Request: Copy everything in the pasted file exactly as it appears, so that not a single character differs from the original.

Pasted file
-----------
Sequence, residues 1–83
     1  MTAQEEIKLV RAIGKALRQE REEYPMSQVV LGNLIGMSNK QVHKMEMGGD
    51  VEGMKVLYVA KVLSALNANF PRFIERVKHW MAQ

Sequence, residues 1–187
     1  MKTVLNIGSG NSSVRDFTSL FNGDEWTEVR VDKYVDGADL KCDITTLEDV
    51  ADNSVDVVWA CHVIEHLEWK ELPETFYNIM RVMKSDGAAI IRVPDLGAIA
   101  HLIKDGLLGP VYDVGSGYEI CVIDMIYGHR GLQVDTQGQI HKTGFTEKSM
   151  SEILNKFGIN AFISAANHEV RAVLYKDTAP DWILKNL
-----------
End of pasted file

Sequence, residues 1–83
     1  MTAQEEIKLV RAIGKALRQE REEYPMSQVV LGNLIGMSNK QVHKMEMGGD
    51  VEGMKVLYVA KVLSALNANF PRFIERVKHW MAQ

Sequence, residues 1–187
     1  MKTVLNIGSG NSSVRDFTSL FNGDEWTEVR VDKYVDGADL KCDITTLEDV
    51  ADNSVDVVWA CHVIEHLEWK ELPETFYNIM RVMKSDGAAI IRVPDLGAIA
   101  HLIKDGLLGP VYDVGSGYEI CVIDMIYGHR GLQVDTQGQI HKTGFTEKSM
   151  SEILNKFGIN AFISAANHEV RAVLYKDTAP DWILKNL